Ways to Lower Costs of Clinical Trials and How CROs Help

American Pharmaceutical Review, April 2016

Over the last few years, the complexity, size, length and globalization of clinical trials have continued to grow — in parallel with soaring trial costs. We know that the estimated average cost of bringing a drug to market in the U.S. is about $2.6 billion,1 and the largest portion of drug development cost is for human clinical trials; particularly for Phase III trials, the most crucial and time-consuming phase.

As drug development costs and complexity spiral, sponsors continue to face mounting pressures from regulatory agencies, the medical community, insurers and the public to reduce these costs while improving development time, expanding pipelines, improving drug quality and safety, and meeting more stringent regulatory expectations. As part of the solution, they are increasingly relying on contract research organizations (CROs). Can outsourcing clinical trials to CROs lower the costs of drug development and bringing new medicines to market more quickly? Absolutely. What methods and innovations are CROs adopting to improve trial cost and time efficiencies?

Outsourcing Clinical Trials: A Growing Trend for Cost-Saving

According to the 2016 Nice Insight Contract Research - Preclinical and Clinical Survey,2 there was a big jump in expenditure for outsourcing services this year, maintaining the continuously escalating spend over the last five years. The majority of companies (38%) now spend $51 million to $100 million for outsourcing, and another 18% spend more than $100 million. That is a big increase from the previous year’s Nice Insight survey, where the vast majority (64%) spent $10 million to $50 million on outsourcing and only 23% spent more than $50 million.

Rising costs and falling productivity, among other trends, are driving industry companies to outsource an increasing range of functions to CROs to achieve cost savings. In addition to providing substantial global capacity to drug developers, CROs have become a critical contributor to clinical trial programs. According to a recent report by ResearchandMarkets, clinical trials conducted by CROs are completed up to 30% more quickly than those conducted in-house by pharma companies.3 That, of course, translates into a considerable cost savings and likely a faster market launch.

Pharmaceutical and biotechnology company service needs have shifted, with changes in disease focus, pipelines, technologies and industry requirements1. Typically, CROs stay ahead of the game, fortifying their scientific, technical and regulatory expertise to meet these new industry needs and favorably compete. These changes, for example, call for a deep understanding of growing areas such as biologics and specialized medicine, advanced technologies and knowledge of the latest global regulations. Since it is faster and more economical to outsource these needs to high quality CROs, rather than build the infrastructure and expertise in-house, industry companies are relying more heavily than ever on contract services.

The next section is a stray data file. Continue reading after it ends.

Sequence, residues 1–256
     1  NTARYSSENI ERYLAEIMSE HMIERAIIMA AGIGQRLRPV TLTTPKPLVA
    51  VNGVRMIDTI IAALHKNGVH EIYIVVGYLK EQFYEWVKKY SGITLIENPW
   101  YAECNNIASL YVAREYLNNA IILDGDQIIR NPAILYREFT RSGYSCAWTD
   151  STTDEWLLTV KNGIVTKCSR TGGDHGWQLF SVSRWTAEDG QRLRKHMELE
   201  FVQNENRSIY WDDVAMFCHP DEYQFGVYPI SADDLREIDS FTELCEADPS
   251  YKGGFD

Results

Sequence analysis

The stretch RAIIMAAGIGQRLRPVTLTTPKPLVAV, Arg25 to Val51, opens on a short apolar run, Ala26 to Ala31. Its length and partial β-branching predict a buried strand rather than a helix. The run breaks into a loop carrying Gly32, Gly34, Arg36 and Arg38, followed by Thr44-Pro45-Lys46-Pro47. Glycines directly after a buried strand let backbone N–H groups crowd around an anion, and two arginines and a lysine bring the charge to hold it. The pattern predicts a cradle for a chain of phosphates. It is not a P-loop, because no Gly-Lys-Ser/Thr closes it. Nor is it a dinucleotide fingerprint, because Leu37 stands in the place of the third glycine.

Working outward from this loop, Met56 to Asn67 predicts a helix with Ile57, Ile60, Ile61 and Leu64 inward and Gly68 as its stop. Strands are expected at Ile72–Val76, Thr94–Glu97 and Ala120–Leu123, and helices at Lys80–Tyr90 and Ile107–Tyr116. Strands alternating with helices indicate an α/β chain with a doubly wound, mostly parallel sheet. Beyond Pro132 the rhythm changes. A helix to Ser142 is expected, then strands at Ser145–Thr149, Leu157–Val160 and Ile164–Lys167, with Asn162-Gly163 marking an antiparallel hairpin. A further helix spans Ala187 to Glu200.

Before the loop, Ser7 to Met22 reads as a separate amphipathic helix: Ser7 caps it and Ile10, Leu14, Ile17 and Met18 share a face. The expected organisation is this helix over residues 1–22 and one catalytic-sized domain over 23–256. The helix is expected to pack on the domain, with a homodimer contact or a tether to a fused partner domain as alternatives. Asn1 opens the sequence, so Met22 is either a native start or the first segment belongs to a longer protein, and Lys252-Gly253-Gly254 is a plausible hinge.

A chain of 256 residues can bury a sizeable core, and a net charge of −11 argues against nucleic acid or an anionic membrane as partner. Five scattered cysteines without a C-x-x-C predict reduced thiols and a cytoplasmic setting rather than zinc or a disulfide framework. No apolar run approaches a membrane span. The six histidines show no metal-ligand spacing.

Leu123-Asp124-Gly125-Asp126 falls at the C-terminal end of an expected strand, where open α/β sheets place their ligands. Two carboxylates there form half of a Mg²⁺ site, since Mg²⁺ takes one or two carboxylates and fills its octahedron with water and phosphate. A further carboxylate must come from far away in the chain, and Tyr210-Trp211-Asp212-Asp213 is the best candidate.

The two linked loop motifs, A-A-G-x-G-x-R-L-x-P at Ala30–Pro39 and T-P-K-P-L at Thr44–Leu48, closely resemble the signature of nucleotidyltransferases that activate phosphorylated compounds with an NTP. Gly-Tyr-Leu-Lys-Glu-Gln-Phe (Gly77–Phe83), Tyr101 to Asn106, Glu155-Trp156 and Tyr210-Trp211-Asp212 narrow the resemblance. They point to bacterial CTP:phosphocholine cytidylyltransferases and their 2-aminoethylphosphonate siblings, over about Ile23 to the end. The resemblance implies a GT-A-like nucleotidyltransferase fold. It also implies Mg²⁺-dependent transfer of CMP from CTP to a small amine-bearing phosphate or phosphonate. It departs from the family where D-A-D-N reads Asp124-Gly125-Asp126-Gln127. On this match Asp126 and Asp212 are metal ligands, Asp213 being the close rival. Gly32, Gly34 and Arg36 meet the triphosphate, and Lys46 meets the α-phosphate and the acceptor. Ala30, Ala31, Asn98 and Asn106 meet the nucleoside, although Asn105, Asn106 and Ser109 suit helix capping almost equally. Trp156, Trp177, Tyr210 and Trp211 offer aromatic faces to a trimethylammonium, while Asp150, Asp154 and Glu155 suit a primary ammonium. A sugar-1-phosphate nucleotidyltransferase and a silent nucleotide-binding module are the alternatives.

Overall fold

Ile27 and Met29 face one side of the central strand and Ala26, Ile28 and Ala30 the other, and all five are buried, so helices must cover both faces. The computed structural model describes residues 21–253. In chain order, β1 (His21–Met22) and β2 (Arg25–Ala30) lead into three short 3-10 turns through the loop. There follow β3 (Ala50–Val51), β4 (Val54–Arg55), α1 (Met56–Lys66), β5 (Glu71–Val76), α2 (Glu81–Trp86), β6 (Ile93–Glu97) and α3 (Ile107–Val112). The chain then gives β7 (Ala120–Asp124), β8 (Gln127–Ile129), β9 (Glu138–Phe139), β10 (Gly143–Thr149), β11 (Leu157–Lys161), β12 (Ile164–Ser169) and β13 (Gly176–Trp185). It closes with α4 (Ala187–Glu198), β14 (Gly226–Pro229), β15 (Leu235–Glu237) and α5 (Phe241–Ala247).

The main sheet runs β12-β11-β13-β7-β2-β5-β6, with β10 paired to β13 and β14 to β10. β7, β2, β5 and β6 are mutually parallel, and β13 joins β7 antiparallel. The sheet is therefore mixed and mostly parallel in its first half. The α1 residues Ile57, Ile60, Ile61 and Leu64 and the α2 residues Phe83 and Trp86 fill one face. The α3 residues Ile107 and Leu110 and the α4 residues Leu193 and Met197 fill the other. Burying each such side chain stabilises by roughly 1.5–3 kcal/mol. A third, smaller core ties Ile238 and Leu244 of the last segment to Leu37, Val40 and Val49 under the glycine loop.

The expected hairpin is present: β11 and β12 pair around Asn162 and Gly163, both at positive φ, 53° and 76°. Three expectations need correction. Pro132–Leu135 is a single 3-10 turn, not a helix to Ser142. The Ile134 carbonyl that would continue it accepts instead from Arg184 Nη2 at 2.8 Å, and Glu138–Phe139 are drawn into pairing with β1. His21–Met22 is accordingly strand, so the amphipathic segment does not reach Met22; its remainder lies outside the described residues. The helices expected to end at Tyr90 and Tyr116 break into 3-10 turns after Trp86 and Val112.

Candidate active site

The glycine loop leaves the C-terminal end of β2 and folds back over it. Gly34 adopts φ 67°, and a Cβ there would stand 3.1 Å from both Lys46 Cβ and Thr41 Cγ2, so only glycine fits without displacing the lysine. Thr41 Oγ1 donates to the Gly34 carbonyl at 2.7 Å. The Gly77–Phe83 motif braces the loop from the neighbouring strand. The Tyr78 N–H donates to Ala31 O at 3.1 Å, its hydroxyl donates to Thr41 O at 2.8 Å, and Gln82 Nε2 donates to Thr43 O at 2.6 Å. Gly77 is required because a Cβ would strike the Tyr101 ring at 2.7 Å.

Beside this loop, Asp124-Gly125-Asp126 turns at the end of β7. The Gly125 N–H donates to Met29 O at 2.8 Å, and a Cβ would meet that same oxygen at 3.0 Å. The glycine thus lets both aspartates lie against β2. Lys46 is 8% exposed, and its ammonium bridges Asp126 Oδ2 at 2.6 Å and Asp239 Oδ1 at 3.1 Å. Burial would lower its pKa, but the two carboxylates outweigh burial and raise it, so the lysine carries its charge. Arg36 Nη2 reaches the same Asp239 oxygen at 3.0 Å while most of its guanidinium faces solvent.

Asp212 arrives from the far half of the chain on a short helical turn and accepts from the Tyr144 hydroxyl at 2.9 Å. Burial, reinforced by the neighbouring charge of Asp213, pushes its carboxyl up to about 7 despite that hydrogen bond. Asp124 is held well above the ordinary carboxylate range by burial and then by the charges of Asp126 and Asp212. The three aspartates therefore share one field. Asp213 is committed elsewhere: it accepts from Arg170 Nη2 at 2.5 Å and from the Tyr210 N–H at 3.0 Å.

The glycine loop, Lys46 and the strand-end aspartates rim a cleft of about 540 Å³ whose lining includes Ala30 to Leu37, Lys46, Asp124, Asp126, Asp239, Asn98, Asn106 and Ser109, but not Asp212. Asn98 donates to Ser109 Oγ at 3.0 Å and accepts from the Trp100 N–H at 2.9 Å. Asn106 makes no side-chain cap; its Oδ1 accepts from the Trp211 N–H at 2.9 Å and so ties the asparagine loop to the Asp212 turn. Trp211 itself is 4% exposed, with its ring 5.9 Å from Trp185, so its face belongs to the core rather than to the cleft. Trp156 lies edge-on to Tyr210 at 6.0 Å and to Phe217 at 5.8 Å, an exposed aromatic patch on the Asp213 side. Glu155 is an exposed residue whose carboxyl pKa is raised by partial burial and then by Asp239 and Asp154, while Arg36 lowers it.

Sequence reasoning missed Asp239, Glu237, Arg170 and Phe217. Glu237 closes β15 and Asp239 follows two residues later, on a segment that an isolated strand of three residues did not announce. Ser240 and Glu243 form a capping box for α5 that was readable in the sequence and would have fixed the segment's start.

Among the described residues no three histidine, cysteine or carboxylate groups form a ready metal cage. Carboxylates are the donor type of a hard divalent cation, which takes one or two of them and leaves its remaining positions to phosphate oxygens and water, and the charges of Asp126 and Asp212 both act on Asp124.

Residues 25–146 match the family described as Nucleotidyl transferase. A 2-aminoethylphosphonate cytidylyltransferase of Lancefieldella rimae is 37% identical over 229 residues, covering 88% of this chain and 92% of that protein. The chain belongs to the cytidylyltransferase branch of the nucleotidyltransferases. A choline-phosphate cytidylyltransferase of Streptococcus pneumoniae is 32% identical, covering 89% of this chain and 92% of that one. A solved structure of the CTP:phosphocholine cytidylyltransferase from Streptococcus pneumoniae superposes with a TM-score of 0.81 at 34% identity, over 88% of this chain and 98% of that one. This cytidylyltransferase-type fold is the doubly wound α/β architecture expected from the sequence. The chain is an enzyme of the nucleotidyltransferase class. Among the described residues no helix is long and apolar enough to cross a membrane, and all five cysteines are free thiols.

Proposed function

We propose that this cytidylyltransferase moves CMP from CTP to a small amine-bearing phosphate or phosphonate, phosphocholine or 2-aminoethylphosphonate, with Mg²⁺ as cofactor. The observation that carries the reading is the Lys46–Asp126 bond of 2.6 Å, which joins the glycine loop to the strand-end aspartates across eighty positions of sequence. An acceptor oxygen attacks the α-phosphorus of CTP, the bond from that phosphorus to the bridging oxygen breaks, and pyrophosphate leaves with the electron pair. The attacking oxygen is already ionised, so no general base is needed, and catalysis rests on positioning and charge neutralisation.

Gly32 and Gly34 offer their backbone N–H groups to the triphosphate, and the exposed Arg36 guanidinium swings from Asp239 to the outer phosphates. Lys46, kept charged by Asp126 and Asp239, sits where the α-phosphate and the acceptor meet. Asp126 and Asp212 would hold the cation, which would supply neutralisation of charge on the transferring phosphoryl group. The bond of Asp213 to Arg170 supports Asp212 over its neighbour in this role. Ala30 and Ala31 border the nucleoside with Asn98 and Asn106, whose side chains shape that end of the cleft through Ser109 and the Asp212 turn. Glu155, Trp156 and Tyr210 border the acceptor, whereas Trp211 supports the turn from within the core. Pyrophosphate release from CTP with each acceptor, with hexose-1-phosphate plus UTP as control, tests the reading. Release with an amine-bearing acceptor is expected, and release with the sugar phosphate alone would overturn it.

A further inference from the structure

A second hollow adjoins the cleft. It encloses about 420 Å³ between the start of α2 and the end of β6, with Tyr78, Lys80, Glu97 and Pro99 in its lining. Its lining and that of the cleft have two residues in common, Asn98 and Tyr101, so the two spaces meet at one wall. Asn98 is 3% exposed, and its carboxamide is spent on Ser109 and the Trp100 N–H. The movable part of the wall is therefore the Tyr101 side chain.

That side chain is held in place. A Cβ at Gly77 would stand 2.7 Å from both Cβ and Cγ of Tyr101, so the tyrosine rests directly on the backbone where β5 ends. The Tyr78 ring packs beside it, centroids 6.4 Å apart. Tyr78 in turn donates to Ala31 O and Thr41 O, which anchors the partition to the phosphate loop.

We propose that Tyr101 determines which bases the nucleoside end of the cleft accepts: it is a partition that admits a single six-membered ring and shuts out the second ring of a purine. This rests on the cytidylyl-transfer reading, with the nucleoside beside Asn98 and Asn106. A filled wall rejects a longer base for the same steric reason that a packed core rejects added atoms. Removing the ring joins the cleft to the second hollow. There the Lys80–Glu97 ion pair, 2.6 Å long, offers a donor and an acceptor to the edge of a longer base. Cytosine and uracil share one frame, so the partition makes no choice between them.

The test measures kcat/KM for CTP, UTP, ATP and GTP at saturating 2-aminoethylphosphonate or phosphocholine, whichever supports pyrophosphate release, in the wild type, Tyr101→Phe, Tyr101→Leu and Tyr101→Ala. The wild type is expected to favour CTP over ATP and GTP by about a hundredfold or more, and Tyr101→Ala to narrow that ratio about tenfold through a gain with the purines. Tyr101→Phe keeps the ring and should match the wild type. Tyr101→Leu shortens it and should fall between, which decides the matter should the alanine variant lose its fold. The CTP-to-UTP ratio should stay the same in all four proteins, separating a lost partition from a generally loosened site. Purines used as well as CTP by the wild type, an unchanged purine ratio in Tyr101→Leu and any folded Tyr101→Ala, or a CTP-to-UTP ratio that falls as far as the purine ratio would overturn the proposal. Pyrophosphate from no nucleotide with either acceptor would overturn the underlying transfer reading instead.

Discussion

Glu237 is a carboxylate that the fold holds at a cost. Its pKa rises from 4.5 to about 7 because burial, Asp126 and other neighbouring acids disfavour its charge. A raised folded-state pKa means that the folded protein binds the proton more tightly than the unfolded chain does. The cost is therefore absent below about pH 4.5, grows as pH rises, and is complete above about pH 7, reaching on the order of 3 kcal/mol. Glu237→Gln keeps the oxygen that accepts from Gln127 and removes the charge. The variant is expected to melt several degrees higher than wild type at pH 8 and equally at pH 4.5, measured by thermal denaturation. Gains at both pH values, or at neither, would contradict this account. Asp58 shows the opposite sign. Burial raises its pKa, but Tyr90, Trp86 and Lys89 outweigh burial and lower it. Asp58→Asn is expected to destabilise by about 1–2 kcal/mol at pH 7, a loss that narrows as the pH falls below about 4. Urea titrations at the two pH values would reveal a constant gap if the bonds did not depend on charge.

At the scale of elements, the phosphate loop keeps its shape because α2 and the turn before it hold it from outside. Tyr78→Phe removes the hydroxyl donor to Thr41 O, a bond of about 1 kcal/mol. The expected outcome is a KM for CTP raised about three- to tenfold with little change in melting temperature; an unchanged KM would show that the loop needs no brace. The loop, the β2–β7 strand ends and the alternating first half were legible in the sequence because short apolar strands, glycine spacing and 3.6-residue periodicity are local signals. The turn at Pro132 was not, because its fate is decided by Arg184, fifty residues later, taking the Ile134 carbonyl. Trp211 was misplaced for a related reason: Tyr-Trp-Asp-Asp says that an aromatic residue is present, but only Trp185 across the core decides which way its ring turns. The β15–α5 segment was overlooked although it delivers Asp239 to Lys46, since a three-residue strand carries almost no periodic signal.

What Clinical Trial Services Are in Greatest Demand?

The level of CRO engagement at every clinical phase has increased, although pharmaceutical and biotechnology companies are relying more heavily on outsourcing for the early phases of clinical research, from drug discovery through Phases I and II. Now nearly two thirds (63%) of companies engage contract development and manufacturing organizations (CDMOs) and CROs for Phase II studies, a big jump from last year, when only 42% of companies engaged outsourcing partners for this phase. Emerging companies outsource 55% of services during Phase I, and 69% of midsize pharma and biotech companies outsource during Phase II.2

Until this year, the services outsourced the most were preclinical, which rose to 60% last year and now dropped to 51%. However, emerging pharma and biotech companies outsource approximately half of their preclinical services, particularly clinical trial design and trial recruiting services.

The Nice Insight survey also indicates that all types of companies acquire or plan to acquire 80% of preclinical trial services and 76% of clinical trial services from CROs for research and development. For preclinical services, most companies outsource or plan to acquire bioanalytical testing (53%), analytical testing (49%), and chemistry and stability testing (48%). The majority of emerging companies (63%) outsource or plan to acquire chemistry and stability testing.

Optimized Site Selection and Recruitment

Industry companies rely heavily on CROs that are knowledgeable about selecting the best global sites with the specific requirements of their clinical trials. Typically, they choose CROs with extensive global clinical trial experience and expertise in their therapeutic area. With an escalating number of clinical trials today driving fierce competition to secure trial sites, more-experienced service providers have worked with more sites and know their capabilities and investigators. CROs also face strong competition for patients in certain therapeutic areas, and must have the expertise to manage increasingly complex trial protocols and increased regulatory requirements.


CROs that have many years of experience in conducting trials at many global sites are best able to efficiently compete for the optimal trial sites and recruit investigators they worked with previously. The best CROs have relationships with the top physicians in a therapeutic area. These physicians are experienced in running clinical trials and have patients interested in participating.

The cost and time to secure well-qualified sites and enroll patients has soared. Research from the Tufts Center for the Study of Drug Development indicates that it takes eight months, on average, to move from pre-visit through site initiation.4 The basic requirements for making site selection and recruitment more efficient are a combination of selecting high-quality, high-performing sites on a global landscape; using the latest technologies, such as cloud-based solutions; and identifying efficiencies.

Other benefits of outsourcing trials are that CROs can provide expertise in the specific targeted therapeutic area, knowledge of countryspecific regulations, and easier access to patient populations outside the U.S. CROs with regional offices in countries that have a trial’s specified patient populations can provide access to cultural expertise, local regulatory knowledge, and easier access to subjects in that country.5